Sunday, April 30, 2006

Boston Globe: Bush's Radical Expansion of Presidential Power

First he was funny, then pathetic, then he's downright scary.
The Blind Criticizing the Blind

Or the vapid criticizing the vapid.

Or whatever.

Camille Paglia--not the sharpest tool in the shed herself--briefly sneers at the postmodernists (who oh so deserve it), before wandering off into la-la land herself.

God, contemporary middle-brow literary culture is a wasteland.
Frohe Walpurgisnacht!

( 'frohe' right here? I know just enough German to make myself look really stupid. Mammas, don't let your babies grow up to be monolingual philosophers...) walpurg tonight...or to-nacht. Can everybody revel, or just witches?

Wait until you here my amazing AND TRUE Walpurgis Night story. Well, it's got something to do with Walpurgis Night, anyway. You're totally not going to believe this, but I HAVE WITNESSES. Oh, yeah.

But first...some caffeine.

Saturday, April 29, 2006

The View from Parallel Earth: The (Un)Riehl World View

Whew. I know I frequently say that we shouldn't just seek out the worst mistakes the other guys make, but I stumbled across this accidentally, so, hey, that's some bit of an excuse. The Lincoln quote is, of course, one everybody loves, and one that certain folks need to reflect on...mostly those on the right these days, but a fair number on the left as well. But apparently in the bizarre anti-Earth on which the author of this post lives, it was Kerry who was divisive, while Bush was/is "one average man stand[ing] strong, calm and reassuring while under pressures I absolutely could not imagine any one individual in this life having to bear." He continues: "And, at least in my eyes, somewhere along the way I came to see that 'average' man as simply a good man made great by circumstance."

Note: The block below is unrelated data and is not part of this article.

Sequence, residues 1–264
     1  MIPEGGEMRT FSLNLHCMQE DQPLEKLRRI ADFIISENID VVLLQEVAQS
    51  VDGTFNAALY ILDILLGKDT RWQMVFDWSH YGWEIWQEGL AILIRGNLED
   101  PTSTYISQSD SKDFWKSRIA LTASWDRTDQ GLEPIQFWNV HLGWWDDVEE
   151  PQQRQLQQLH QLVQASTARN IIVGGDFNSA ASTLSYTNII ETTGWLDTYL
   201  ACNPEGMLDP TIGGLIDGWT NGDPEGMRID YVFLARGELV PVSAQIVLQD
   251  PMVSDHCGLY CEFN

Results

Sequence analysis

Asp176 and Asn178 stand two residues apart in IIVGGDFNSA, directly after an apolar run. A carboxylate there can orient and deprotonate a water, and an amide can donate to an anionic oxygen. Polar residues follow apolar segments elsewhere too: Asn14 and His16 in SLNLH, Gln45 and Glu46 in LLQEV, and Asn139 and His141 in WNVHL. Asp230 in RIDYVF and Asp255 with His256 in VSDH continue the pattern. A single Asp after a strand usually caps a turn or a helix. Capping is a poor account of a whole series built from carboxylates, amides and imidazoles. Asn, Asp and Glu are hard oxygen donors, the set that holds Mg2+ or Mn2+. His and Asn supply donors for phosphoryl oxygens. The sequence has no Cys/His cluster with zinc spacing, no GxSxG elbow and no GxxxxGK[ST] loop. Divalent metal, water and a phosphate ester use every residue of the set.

Whew. Wow, man, what else is different about the planet where you live? Anti-gravity? Reverse entropy? WWF real? What?

All I could do when I ran across this was sit there with my mouth open, aghast. I understand making a mistake...but to be so completely out of touch with reality...Jebus. Kinda scary.

Friday, April 28, 2006

Juan Cole's Library Of Americana Translation Project

You probably already know about it, but if not, check it out.

This seems to me like a fantastic plan. It's largely ideas that have made this country great, and it's the great liberal (in the broad sense--the sense in which even most American conservatives are liberal) hope that these ideas are largely irresistable.

In a fair fight--and even in an unfair one--with religious extremism, my money is on The Federalist.

Though I've got to say that I think we might want to put Paine at the end of the list to be translated...I'm not sure whether our brothers in the Middle East are quite ready for (in Washington's words, if I'm not mistaken) "that dirtly little atheist" just yet...

[HT: Statisticasaurus Rex]

Sunday, April 23, 2006

Conservatives, Conformity, and the Anti-Sexual Revolution

Via Drum, this bit on some of the latest kookiness from the lunatics in the Bush administration. To summarize:


These guys are convinced that sex is so dirty that it can ONLY be permissible to perpetuate the species. If you just think it's a cool and excellent part of the human experience...well...what kind of sicko are you?

So, remember folks: when you're engaged in non-marital or non-standard sex, you're not only having fun, you're striking a blow against the puritannical lunatics in charge.

So let's get out there and get kinky!

Go team!

Saturday, April 22, 2006

A """Bipartisan""" Culture of Corruption?

I don't know what's more pathetic about this whole issue. Is it:

(a) Republicans' frantic and pathetic attempts to argue that as long as at least one Democrat is corrupt the problem is bipartisan?


(b) The fact that the Democrats are just corrupt enough to give such laughable claims the thinnest veneer of semi-demi-hemi-plausibility?

The Republicans don't seem to realize that what we're arguing about here are differences of degree--vast differences in degree. No sensible person thinks that the Democratic party--or any party--is completely clean. Angrifying though that fact is, we have no choice but to live with it. But to pretend that there is no important difference between (i) a party with a merely ordinary number of individual corrupt members and (ii) a party with a large and more-or-less systematically corrupt core is nonsense.
Same-Sex Marriage: Giblets Explains It All For You

I used to be sort of in favor of the unnatural disgusting mind-bending nightmare of non-Euclidian perversity that is same-sex marriage, except that now Giblets has shown me that I was underestimating its unholy nightmarish awfulness.

Thank you, Giblets. God bless you.
Sick Sad World Episode XXXVVVIIIQRMTZ: The Father-Daughter Purity Ball

Some people are just downright scary.